Despite Mila's (far-right) diagnosis with cystic fibrosis her family says she has a strong zest for life.

by Khrysti Balanay

Three years ago, a Rockhampton family’s world was turned upside down after their youngest daughter Mila was diagnosed with cystic fibrosis, and now they are pushing for life-changing medication to be made available.

Mila Sewell, 4, was admitted to the hospital with lung failure as a one-year-old when her condition was discovered.

Although Mila has a strong zest for life, her parents, Jaimee and Mitchell Sewell said they have had to make family adjustments.

“Every day without fail, we complete physiotherapy to clear her lungs and airways,” Mrs Sewell said.

“She takes a handful of medications, including tablets, just to eat.

“It’s not helping anything. It’s just maintaining her current health.

“Mila made it, and we are so grateful, but then comes the grieving process. The life she was supposed to have and the life we thought we would have as a family.”

In Australia, one in 2500 babies is born with cystic fibrosis, and there is currently no cure.

Trikafta helps improve chloride and water flow in patients with a certain genetic defect and helps improve lung function and breathing.

In April 2022, Former Minister for Health and Aged Care Greg Hunt announced that Trikafta would be available on the Pharmaceutical Benefits Scheme (PBS) for Australians with cystic fibrosis aged 12 years and older.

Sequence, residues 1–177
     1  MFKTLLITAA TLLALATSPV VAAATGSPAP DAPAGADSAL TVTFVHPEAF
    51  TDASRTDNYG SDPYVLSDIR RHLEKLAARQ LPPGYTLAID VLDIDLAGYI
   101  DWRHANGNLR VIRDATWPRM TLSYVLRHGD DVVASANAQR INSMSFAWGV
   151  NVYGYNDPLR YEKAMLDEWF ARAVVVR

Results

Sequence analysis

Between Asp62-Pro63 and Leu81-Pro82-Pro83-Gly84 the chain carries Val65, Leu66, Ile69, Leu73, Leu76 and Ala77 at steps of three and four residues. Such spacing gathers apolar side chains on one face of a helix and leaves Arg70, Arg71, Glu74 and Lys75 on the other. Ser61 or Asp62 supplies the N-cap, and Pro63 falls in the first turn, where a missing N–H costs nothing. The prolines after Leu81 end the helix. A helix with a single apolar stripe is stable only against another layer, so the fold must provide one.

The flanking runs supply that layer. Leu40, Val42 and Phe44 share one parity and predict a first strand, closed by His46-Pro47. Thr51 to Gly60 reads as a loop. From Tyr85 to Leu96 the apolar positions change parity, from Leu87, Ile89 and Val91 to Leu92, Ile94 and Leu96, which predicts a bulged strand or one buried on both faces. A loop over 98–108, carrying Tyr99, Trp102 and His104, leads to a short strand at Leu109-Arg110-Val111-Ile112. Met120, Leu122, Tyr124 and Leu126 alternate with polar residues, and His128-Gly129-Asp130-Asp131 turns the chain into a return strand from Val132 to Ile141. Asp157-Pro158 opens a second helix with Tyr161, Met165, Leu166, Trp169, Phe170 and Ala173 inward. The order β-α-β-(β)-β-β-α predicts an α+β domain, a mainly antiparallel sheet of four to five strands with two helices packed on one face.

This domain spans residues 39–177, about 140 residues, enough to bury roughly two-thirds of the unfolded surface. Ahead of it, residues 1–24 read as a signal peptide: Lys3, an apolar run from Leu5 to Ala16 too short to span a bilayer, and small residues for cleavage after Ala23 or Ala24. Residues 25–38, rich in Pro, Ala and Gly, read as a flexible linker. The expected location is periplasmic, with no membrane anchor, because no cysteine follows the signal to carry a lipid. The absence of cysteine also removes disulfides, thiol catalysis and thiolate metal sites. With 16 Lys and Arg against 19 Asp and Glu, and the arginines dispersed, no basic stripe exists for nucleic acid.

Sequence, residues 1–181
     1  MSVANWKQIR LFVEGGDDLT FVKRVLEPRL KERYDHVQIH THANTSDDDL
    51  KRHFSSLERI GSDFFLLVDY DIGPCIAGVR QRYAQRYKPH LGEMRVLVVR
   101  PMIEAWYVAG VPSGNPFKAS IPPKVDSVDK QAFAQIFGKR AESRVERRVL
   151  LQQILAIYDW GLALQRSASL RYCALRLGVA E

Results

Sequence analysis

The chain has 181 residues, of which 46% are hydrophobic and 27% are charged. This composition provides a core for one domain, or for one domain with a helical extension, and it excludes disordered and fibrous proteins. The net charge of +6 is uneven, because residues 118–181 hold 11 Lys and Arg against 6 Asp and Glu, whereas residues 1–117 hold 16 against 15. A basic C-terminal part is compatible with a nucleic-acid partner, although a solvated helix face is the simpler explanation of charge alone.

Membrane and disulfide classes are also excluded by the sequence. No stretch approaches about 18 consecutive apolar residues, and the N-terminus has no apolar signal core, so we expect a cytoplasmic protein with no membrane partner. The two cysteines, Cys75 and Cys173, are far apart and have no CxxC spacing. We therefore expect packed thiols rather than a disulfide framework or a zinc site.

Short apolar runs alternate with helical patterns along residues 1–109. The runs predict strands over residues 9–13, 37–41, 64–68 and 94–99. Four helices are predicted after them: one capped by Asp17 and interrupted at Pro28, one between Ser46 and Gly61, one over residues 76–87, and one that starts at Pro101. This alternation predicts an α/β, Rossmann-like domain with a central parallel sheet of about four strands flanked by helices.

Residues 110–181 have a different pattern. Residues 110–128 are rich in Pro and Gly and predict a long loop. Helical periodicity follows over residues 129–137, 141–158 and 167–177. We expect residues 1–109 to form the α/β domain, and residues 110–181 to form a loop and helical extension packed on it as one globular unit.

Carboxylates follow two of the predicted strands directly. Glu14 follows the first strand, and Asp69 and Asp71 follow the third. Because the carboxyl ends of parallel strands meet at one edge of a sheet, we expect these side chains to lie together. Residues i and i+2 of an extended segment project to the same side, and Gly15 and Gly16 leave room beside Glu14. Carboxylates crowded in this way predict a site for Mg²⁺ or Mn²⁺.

A spokesperson for the current Minister for Health and Aged Care Mark Butler, said Trikafta was recommended by the Pharmaceutical Benefits Advisory Committee in November to be added to the PBS for treating children aged six to 11 years.

“The Albanese Government will work with the sponsor, Vertex, to move as quickly as possible to make Trikafta available for this age group,” they said.

Without PBS, the cost to access Trikafta is over $250,000 annually, leaving the treatment out of reach for many families.

“Trikafta would change our entire outlook on her life,” Mrs Sewell said.

“She will very much have cystic fibrosis and the other aspects that come with that but to be blunt, it will mean she will grow old.

“There have even been cases where it has lessened the effect of the illness.

“There would be no reason she can’t carry on with the rest of her peers her age.”

With eight years to go until Mila is eligible to receive Trikafta under current PBS regulations, Mrs Sewell said time is not a luxury they have when dealing with the progressive life-threatening disease.

“The progression starts from the moment they are born. It’s not something that starts later in life,” she said.

“Early intervention is what helps these kids to avoid irreversible damage.

“We’ve always known this has been in the pipeline from the moment she was diagnosed.

“It has been our holding hope ever since she was diagnosed that this would be what makes Mila’s life different from adults with cystic fibrosis.”

Member for Capricornia Michelle Landry has called on the Federal Government to green-light funding for the medication that will be life-changing for kids like Mila.

“I have written a letter to the Federal Health Minister asking to get moving and have Trikafta bought forward on the PBS,” Ms Landry said.

“At this stage, kids over 12 can get it, and it was approved for kids between six and 11 to have access, but it hasn’t been put on the PBS yet.

“The sooner we can do this, the sooner we can halt the life-threatening lung exacerbations associated with cystic fibrosis.

“This is people’s lives at risk, and I don’t know why it hasn’t been approved already.

“Let’s get this moving.”

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